When Is a Ball Joint Bad & Which Part to Replace? 👍

When is a ball joint bad?


First, let’s review what a ball joint is! 

A ball joint is composed of a ball and socket, where a polished metal ball is greased and seated inside of a socket. A rubber boot encloses the ball and socket to prevent grease from exiting and debris from entering. There are usually two or more ball joints in most vehicles. An upper ball joint that is a part of the upper control arm, a lower ball joint that connects to the lower control arm and knuckle, and there is one more ball joint commonly referred to as the tie rod that is attached to the rack and pinion. Now let’s find out if that ball joint is bad! 


  • It is important to address a bad ball joint as soon as possible! Here’s why: 
  •  If too much time is allowed, the ball could separate from the socket causing the wheel or suspension assembly to detach and cause a serious accident! 
  • A bad ball joint causes irregular strain on the surrounding suspension components leading to a costly repair in the future.  


Irregular Sounds: 

One can typically identify a bad ball joint when there is a metal knocking or thumping sound appearing to come from one of the four corners of the vehicles or tires. This is most obvious around corners, over speed bumps, or at sudden stops. As time progresses, this sound may become more pronounced. This is caused by the ball moving around freely inside of the socket. 

When is a ball joint bad?

Fig. 1: Satirical Image of someone listening to ball joint noise with a stethoscope(Photo by Roger A. Fleenor 2016) 

Irregular Signs of Wear: 

While this is generally uncommon, and usually caused by alignment related issues, bad ball joints may be the culprit if a tire is showing signs of inconsistent wear. The image below contains a great example of a tire suffering uneven wear. Notice how some of the grooves and tread on the right side of the photo are not visible compared to the left: 

When is a ball joint bad?

Inspecting the Ball Joint: 

By steering completely to one side, you may gain access to view the ball joints for some vehicles. If not, this may require jacking up the vehicle: Remove the wheel to expose the entire wheel well. Perform a brief visual of the ball joints looking for seeping grease and cuts in the boots. If you drive a later model vehicle, ball joint wear indicators may be available to assist diagnosing the condition of the ball joints which is described at the next heading. The image below is a great example of a torn ball joint boot. The dark sludge around the arms is evidence of prior grease seeping which has dried and been coated with road grime.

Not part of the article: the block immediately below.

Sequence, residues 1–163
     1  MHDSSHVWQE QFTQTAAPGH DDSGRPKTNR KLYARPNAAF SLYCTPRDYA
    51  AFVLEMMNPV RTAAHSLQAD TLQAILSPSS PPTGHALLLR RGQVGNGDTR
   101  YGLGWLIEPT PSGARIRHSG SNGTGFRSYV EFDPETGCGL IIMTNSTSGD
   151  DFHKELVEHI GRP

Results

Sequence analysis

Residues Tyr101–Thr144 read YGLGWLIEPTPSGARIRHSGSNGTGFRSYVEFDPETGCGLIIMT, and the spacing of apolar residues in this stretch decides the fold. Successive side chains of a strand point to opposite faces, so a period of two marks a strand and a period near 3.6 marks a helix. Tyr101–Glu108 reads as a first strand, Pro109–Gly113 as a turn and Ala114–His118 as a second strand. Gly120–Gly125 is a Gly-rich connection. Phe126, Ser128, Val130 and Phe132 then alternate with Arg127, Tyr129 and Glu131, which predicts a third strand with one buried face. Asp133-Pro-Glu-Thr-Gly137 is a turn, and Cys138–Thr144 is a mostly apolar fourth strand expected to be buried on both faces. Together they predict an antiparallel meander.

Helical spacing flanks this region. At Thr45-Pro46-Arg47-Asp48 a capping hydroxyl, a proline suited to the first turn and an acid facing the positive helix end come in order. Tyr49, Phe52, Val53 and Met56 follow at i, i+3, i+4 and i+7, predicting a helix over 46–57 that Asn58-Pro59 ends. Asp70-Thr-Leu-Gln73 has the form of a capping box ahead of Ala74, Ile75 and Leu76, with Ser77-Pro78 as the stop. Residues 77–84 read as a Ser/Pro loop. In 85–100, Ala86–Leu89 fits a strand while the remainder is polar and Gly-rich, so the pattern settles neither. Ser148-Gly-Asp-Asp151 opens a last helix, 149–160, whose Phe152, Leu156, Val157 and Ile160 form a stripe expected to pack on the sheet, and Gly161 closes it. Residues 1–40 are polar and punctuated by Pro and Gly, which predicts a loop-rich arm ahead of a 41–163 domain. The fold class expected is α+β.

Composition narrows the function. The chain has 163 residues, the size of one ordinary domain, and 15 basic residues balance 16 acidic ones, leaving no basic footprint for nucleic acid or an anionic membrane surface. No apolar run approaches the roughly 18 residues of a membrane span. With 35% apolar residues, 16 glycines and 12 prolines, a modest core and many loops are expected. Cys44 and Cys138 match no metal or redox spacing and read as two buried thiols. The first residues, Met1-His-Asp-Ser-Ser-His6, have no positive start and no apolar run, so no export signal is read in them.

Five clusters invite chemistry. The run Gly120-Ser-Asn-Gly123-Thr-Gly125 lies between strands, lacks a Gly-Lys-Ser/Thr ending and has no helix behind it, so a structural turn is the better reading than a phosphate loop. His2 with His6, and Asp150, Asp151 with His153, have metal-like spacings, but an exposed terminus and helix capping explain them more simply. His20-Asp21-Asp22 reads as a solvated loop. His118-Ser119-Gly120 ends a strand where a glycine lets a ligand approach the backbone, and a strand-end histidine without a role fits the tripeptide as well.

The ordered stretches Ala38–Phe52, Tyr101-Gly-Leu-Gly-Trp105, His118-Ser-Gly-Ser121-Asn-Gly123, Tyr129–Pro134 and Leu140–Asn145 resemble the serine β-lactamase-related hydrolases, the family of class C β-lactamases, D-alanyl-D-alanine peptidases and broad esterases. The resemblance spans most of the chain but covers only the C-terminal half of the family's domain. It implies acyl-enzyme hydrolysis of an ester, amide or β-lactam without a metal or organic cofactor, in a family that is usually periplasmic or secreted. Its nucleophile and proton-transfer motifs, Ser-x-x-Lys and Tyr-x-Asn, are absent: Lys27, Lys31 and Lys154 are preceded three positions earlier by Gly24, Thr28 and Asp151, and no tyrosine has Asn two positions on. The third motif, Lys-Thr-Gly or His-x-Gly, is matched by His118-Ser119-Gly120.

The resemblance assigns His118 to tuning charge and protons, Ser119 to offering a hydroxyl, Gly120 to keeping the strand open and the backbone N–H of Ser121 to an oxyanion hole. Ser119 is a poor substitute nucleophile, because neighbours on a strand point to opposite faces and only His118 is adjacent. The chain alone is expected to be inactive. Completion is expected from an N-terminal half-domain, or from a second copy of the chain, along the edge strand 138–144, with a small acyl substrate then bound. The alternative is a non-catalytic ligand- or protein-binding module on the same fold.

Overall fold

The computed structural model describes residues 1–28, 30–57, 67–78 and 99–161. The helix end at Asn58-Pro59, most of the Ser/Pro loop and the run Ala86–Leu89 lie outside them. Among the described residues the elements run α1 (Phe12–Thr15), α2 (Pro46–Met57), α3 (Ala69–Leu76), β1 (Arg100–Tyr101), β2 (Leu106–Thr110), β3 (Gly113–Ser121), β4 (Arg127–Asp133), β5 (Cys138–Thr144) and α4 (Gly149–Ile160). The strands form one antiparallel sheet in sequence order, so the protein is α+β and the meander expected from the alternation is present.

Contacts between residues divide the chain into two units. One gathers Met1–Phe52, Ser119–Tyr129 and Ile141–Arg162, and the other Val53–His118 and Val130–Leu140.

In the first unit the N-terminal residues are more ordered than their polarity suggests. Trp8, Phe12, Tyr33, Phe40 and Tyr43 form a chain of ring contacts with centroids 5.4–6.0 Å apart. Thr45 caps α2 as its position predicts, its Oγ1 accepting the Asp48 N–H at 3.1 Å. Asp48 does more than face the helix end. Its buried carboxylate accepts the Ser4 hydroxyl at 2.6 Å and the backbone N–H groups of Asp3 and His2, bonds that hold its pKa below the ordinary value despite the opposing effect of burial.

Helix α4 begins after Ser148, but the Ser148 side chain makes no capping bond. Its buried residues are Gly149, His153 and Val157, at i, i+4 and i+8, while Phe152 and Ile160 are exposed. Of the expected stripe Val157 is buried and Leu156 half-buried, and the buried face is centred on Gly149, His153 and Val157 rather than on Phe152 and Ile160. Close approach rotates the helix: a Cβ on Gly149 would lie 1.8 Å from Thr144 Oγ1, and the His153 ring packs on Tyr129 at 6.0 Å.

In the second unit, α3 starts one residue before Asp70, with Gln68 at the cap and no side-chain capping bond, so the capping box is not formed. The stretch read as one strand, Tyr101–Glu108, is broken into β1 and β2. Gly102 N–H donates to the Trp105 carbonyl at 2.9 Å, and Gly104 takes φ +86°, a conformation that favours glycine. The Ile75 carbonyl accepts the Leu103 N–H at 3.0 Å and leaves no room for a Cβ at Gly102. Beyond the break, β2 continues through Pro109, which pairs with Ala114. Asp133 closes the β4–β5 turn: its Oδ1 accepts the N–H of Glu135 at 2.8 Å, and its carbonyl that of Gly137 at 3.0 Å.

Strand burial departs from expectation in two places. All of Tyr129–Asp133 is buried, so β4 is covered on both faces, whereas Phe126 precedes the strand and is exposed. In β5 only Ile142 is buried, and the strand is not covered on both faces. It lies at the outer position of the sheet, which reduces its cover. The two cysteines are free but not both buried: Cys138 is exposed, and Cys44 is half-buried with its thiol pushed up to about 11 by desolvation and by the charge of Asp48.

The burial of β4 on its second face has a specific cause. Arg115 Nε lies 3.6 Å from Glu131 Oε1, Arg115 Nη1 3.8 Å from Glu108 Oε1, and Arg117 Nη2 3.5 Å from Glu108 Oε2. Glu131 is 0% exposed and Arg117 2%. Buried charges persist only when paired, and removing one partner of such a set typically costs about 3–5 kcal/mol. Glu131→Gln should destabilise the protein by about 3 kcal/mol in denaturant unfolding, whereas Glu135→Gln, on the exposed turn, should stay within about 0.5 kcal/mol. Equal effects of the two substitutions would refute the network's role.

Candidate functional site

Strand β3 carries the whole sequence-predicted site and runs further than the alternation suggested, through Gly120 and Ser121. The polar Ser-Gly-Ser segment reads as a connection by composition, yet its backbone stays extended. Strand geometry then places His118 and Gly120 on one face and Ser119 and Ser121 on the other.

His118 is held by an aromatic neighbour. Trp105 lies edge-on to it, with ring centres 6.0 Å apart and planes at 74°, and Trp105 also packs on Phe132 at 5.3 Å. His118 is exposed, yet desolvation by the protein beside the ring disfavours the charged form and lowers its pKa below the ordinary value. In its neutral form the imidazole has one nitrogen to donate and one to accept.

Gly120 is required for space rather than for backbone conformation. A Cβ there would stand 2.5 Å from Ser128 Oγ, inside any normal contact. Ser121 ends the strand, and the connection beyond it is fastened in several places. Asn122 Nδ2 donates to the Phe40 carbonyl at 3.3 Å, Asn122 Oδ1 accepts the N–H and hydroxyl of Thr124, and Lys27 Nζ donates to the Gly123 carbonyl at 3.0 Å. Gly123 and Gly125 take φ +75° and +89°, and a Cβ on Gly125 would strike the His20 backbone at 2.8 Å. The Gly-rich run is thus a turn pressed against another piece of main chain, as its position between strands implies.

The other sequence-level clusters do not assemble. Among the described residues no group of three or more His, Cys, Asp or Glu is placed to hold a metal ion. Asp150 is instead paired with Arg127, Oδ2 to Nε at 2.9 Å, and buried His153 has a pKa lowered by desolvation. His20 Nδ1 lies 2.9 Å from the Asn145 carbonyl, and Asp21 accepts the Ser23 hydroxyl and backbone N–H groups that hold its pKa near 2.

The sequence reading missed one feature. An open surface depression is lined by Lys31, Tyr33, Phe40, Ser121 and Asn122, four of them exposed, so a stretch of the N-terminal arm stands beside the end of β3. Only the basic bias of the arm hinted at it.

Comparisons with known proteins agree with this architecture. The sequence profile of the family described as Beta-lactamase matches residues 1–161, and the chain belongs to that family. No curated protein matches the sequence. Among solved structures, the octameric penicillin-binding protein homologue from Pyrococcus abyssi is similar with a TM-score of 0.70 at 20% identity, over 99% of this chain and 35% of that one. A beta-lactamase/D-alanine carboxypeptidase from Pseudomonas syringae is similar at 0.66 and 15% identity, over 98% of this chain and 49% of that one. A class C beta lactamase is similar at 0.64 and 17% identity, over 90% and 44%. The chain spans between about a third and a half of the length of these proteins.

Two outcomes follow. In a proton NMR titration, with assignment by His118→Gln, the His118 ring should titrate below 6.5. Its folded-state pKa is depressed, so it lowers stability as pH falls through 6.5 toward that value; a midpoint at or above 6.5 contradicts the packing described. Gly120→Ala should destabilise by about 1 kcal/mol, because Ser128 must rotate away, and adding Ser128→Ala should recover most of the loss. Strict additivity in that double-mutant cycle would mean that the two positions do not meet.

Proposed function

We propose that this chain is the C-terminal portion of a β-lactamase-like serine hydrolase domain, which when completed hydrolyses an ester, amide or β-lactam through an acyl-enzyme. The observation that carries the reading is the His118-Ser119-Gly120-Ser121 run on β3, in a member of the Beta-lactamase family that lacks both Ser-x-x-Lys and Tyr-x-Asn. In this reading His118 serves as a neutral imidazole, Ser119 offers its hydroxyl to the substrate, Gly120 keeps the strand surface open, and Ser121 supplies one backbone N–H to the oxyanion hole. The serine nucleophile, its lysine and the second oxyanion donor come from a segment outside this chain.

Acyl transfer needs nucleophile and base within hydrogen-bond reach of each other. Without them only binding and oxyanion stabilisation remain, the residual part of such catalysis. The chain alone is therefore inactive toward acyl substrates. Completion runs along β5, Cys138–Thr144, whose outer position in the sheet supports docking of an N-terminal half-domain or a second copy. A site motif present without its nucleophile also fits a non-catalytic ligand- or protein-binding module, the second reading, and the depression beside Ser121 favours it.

When is a ball joint bad?

Ball Joint Wear Indicators: 

Many modern day ball joints are designed with built-in wear indicators. These are easy to identify by a small metal pin inserted through a small hole in the thread just after the bolt. The ball joint is often worse if the pin is missing, broken, or pinched. There is another type of wear indicator which is a thin wire that is wrapped around the base of the rubber boot. If this wire is no longer wrapped around the boot, missing, or appears unwound, the ball joint may be bad. 

Examples of a loose and lost pin.

   When is a ball joint bad?  When is a ball joint bad?

Examples of healthy pins around the boot and at the bolt:

When is a ball joint bad?  When is a ball joint bad?  When is a ball joint bad?

Still can’t find the culprit?  

While a ball joint looks visibly sound, it is possible that the grease inside the boot could have dried or the ball/socket is just worn from excessive impact or friction. You can distinguish the one bad ball joint from the two or more with the following exercises (you may need someone to help you!): 

  • Your assistant should listen closely to each side of the wheels looking for a knocking or thumping sound. 
  • Jerk the steering wheel left and right while the vehicle is on, if you are able to reproduce the knocking or thumping sound, then you know the ball joint on the tie rod is bad.  
  • Pull up to a fixed obstacle such as a speed bump, shallow curb, or gutter and slowly accelerate until the tires make contact with the obstacle without driving over it. Repeat this action gently. If you can hear something, the lower control arm ball joint is probably bad. 
  • No luck so far? This should be it! The upper control arm ball joint should be the source of the issue if the  


Need a replacement part? Find your part by make and model at Benzeen Auto Parts:

Search for your used part replacement by make and model at www.benzeenautoparts.com or give us a call at (877) 247-1717. All parts include a hassle-free, 1 Year Warranty. 

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December 25th, 2017